Reviewed by: Rob Carolan
Reviewed on: 2006-01-09

Posted 01/09/2006 - 09:43:38 AM by ketsume717:
 Um... this came out more than a year ago. Why the review now? Also, Utada's been writing her own music since her first album and, as far as I understand, has been given pretty much free reign on her music. I also don't think anything on Exodus is as good as the highs on her last (and imo her best) album, Deep River. Yes, much of J-pop is under very tight record label control, but at the same time there's never been a lack of talented pop artists in Japan who are given creative freedom and still (or because they) manage to shift units (e.g. Shiina Ringo, Ayumi Hamasaki, Hitomi Yaida, Soulhead, Yo Hitoto, Ua... hmm no men on that list, I guess I'll add Tsuyoshi Nagabuchi and Yosui Inoue, even if they're past their prime). To sum it up, I agree with your assessment that it's a good album, but I disagree that it's a brave statement by an artist trying to free herself from the shackles of her record label. She's actually had it quite good.
Posted 01/09/2006 - 10:16:13 AM by Rob_Carolan:
 The reason for the review being written now is because it was recently only just released here in the UK, with new artwork and several add on remixes to boot. I agree that there are a number of J-Pop artists out there who are given creative control and still manage to shift units, but in my opinion I felt Utada's album was different for the sheer fact that its such a bizarre and experimental piece of work. None of the songs on the album sound necessarily chart bound, and I believe for an artist like Utada that was a huge risk to take with her career. Few J-pop albums I have heard have even come close to the kind of ambition I found on this record. To sum up, thats why I found this record to be somewhat special.
Posted 01/09/2006 - 12:24:57 PM by ketsume717:
 Experimental? Really? I thought it was more or less a logical progression from Deep River (except for the Workout--in a good way--and the Timbaland tracks--you're right, in a bad way). "Devil Inside," for example, sounds like an update of "Traveling." It's a good progression. It just didn't surprise me the way her previous album did, the way Hikkie suddenly seemed to have grown up and matured overnight. I also unfortunately only had managed to listen to the English version of this album, and I feel her English lyrics are positively clunky compared to her Japanese lyrics. (It's not necessarily a bad thing. I like Shakira's English stuff but I have a feeling I might cringe if I were fluent in Spanish and was able to fully ingest her Spanish stuff.) You're right, J-Pop artists aren't inclined to experiment sonically, even though that doesn't stop them from making some brilliant pop music (That being said, they do get away with a surprising bit in the lyrics department. I've often dismissed a song because it sounded conventional only to listen to the lyrics and see it in a completely new light). And Hikkie's sound is unique in the J-pop field. But because Exodus didn't feel like that much of a departure to me, it just didn't feel as remarkable as, say, Ringo Shiina's "Shoso Strip" and Ua's first album. On a separate note, how does one go about accessing Japanese music in the UK? I miss that stuff.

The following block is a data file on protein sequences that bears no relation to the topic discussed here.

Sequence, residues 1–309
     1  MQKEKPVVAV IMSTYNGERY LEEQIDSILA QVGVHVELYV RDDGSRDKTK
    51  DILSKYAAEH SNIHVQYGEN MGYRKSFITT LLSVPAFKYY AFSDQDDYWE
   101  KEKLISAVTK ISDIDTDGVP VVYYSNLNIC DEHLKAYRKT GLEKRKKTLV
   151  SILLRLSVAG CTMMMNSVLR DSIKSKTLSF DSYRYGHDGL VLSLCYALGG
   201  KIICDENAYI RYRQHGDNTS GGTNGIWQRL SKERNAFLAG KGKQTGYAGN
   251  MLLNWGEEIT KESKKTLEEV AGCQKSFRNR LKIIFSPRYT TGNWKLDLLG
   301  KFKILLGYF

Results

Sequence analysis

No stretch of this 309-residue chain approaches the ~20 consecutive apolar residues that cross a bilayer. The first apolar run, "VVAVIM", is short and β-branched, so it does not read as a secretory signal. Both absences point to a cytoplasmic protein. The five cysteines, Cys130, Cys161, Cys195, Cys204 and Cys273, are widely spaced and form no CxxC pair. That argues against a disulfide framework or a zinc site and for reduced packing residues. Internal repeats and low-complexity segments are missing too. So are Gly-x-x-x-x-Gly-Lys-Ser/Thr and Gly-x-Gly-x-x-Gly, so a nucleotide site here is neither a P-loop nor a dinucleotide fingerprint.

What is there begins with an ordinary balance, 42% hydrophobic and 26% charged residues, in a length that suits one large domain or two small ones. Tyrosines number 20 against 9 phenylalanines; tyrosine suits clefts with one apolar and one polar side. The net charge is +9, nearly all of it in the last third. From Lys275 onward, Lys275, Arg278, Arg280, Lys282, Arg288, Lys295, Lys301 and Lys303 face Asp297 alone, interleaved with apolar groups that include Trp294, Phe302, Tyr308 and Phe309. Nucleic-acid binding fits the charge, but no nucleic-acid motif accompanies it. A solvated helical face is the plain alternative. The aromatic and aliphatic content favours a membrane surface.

Posted 01/09/2006 - 03:39:34 PM by badhaircut:
 This was my #2 album of the year... in 2004.
Posted 01/09/2006 - 03:41:19 PM by badhaircut:
 Not to try to sound like an asshole or anything. And I was disappointed that the blogosphere seemed to completely ignore this album while triumphing a lot of really unimpressive flux-pop in the meantime, so I guess I am glad to see this up now.
Posted 01/09/2006 - 11:24:53 PM by Neo_Vincent:
 Just answer me this....is it as good as Takako Minekawa's "Fun 9"? I was heavy into the Shibuya-Kei scene when I was 13-ish or so, I really used to dig all those bands (Cornelius, P5, Fantastic Plastic Machine et. al)
Posted 01/10/2006 - 01:49:27 AM by Neo_Vincent:
 K, Never mind my last post...My misconception has to do with the last Utada track that I've heard being "Can You Keep A Secret" & "In My Room" and being unimpressed. But after listening to "The Workout"...yeah. Totally different. And good. ^_^
Posted 01/10/2006 - 06:27:16 AM by ketsume717:
 Yeah, Neo, I felt the same way about early Hikkie. Her last two albums (including this one) have been pretty good, though.
Posted 01/10/2006 - 10:17:36 AM by Rob_Carolan:
 Ketsume- How does one go about accessing j-pop in the uk? Hmmm... well, not with alot of ease in all honesty. Occasionally imports will pop up in certain stores, but thats a real rarity. In general, j-pop is completely off the map in the UK. Thats why despite this album being kind of old for some people (badhaircut, I look your way), like I said in my previous comment, it did only just get officially released here in the UK, which I thought was something of an achievement in itself, considering so little j-pop makes its way here. All in all, for someone like myslef who loves j-pop its a very frustrating situation. I still haven't even heard Ringo Shiina's "Strip" album, which I'm finding particularly vexing at the moment considering I keep hearing such amazing things about it!
Posted 02/09/2006 - 12:50:43 PM by rachaeljevons:
 handsome and talented, robin carolan, is there anything you can't do?
Posted 02/09/2006 - 12:51:33 PM by rachaeljevons:
 p.s. you've made me want to listen to this album.